Senator Chuck Schumer, Democrat of New York and the majority leader, is leading a bipartisan congressional delegation on Friday to China, where the group plans to meet with top government and business leaders at a time of rising tensions between the United States and Beijing.
Mr. Schumer, who has long taken a tough stand on China, said he would use the trip to appeal to the nation’s top leaders for better economic reciprocity for U.S. companies currently being iced out of Chinese markets and better policing of the export of fentanyl that has increasingly found its way into the United States.
But he offered measured expectations about how much the senators would be able to help resolve the standoff between Washington and Beijing, a goal that has eluded several Biden administration officials.
“I think the Chinese will hear things differently from the elected officials,” Mr. Schumer said during an interview in his Capitol office this week. Members of Congress, he added, “have their finger on the pulse of what the American people are feeling. And the good news is the Chinese want to learn this — they’ve made it clear to our people that they very much want to learn this, even though the conversations are not going to be ‘Kumbaya’ at all.”
The senators are hoping for a meeting with President Xi Jinping, though one has not yet been scheduled. After visiting multiple cities in China, they will also make stops in South Korea and Japan next week, before returning to Washington.
Mr. Schumer is being joined on the trip by Democratic senators, Maggie Hassan of New Hampshire and Jon Ossoff of Georgia; as well as Republican senators, Michael D. Crapo of Idaho and Bill Cassidy and John Kennedy of Louisiana.
Mr. Schumer said it was a “propitious moment” for a bipartisan delegation to try to make inroads with Chinese officials.
“Whether we succeed or not, we don’t know, but it’s certainly worth trying,” he added.
Mr. Schumer has a long record of slamming Beijing for issues including currency manipulation and its aggressive conduct toward Taiwan. He is also not much of a world traveler. In the past dozen years, Mr. Schumer has been on only two other congressional delegations abroad: a trip earlier this year to India, Pakistan, Israel and Europe, and another trip to China in 2011.
But as the majority leader, Mr. Schumer brings a level of heft to talks with the United States’ chief geopolitical rival. The last congressional delegation to visit China went four years ago; the last time Mr. Xi met with representatives of Mr. Schumer’s rank was almost a decade ago.
“I want to hear from the Chinese exactly what vexes them about the United States, just as I think they should hear what vexes us about China,” he said, noting that he had been encouraged by senior Biden administration officials to organize the trip.
“When you talk frankly, you can solve those problems better than when you beat around the bush,” Mr. Schumer added.
At the top of Mr. Schumer’s list of irritants is what he sees as a lack of reciprocity in economic relations.
“Our electric cars are not allowed in China; their electric cars are allowed here,” he said, arguing that if China would enable “a more level playing field, that would solve a lot of problems.”
He confirmed that he and Mr. Crapo plan to raise concerns about China blocking the American semiconductor manufacturing firm Micron — which is headquartered in Idaho and building a plant in New York — from operating there. He would not say if the senators planned to make similarly pointed appeals on behalf of other U.S. businesses, such as the consulting firm Bain & Co., that have been targeted under China’s national security law.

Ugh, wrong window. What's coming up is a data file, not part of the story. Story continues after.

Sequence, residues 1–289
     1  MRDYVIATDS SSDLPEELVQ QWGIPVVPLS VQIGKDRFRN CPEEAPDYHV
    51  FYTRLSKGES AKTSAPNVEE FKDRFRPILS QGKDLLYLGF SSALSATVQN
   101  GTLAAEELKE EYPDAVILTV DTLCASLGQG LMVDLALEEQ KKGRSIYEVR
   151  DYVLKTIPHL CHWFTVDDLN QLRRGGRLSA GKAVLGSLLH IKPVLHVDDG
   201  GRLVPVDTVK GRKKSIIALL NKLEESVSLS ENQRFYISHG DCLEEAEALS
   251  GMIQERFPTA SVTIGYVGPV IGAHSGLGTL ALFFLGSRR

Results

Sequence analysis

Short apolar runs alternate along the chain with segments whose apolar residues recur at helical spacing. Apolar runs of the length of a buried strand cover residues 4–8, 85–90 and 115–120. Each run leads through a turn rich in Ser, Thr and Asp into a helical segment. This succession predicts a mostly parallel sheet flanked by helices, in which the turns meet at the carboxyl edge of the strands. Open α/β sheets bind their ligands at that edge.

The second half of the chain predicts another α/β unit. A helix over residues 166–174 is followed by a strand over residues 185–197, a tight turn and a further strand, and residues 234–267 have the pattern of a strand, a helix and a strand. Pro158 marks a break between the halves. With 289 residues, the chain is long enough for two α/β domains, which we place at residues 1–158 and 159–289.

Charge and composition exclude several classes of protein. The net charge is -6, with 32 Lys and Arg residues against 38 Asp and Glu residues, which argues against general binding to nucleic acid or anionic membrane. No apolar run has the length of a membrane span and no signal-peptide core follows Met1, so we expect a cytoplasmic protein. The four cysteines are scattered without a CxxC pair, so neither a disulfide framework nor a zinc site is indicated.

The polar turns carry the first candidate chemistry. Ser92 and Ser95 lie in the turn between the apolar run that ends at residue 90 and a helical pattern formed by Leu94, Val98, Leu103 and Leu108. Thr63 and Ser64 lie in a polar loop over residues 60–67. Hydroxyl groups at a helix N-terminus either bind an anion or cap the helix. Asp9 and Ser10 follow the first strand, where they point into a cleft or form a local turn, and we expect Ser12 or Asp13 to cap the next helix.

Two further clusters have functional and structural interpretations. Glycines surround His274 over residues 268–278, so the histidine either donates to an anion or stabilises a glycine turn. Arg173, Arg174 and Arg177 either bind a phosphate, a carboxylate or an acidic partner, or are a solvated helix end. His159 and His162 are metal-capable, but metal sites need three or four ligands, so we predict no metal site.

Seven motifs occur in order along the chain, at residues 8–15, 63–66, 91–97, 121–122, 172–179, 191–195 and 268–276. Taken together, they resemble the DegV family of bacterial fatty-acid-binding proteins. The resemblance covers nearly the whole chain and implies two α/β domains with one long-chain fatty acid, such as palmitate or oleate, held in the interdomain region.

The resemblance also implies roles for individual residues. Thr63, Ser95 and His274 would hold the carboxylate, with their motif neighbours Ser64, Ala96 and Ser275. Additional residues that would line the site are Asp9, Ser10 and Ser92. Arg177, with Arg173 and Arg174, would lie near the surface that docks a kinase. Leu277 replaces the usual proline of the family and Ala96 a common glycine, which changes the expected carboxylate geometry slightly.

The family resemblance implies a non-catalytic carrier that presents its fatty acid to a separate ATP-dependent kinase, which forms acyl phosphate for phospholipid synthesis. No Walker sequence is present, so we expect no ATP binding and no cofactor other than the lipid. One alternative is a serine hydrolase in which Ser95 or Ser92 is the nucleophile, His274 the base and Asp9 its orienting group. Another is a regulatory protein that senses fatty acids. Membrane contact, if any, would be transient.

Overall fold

It is unclear how much influence the senators will be able to wield. China has bristled at the United States for escalating sanctions with new restrictions on U.S. investments in its high-tech sector, including its semiconductor and microelectronics industries, and considers many of its punitive actions against American firms to be proportional countermoves.
Mr. Schumer has proposed a legislative framework for building on those restrictions with additional export and investment controls, but Congress is at an impasse over that issue and other initiatives to improve the United States’ ability to compete with China.
He said he was hopeful of coming to “some kind of understanding” with China on how it can rein in the trafficking of fentanyl and related chemicals, which are fueling an overdose epidemic across the United States. A joint effort between Washington and Beijing to disrupt the illicit fentanyl trade in has stalled in recent years, and Mr. Schumer has pushed Congress to pass sanctions targeting China for its role in the worsening crisis. Illicit fentanyl trafficking also tops the priority list of other senators on the trip, including Mr. Cassidy and Ms. Hassan.
“It would be a lot better if we didn’t need the sanctions,” Mr. Schumer said. “This is an area, it seems to me, that there would be a huge benefit to America, and help Americans have a better attitude toward China, at not much cost to the Chinese government.”
Mr. Schumer was less specific about how he planned to address a swath of other sensitive issues, such as Taiwan or China’s dismal human rights record, including the mass displacement of the ethnic Uyghur population into forced labor camps. He said he also planned to challenge Chinese officials about Beijing’s continued patronage of Russian energy, which helps enable Moscow to perpetuate the war in Ukraine.
“The bottom line is that China doesn’t want to be isolated from the world community, they want to be very much a part of it, and they’re helping someone who is an outlier,” Mr. Schumer said.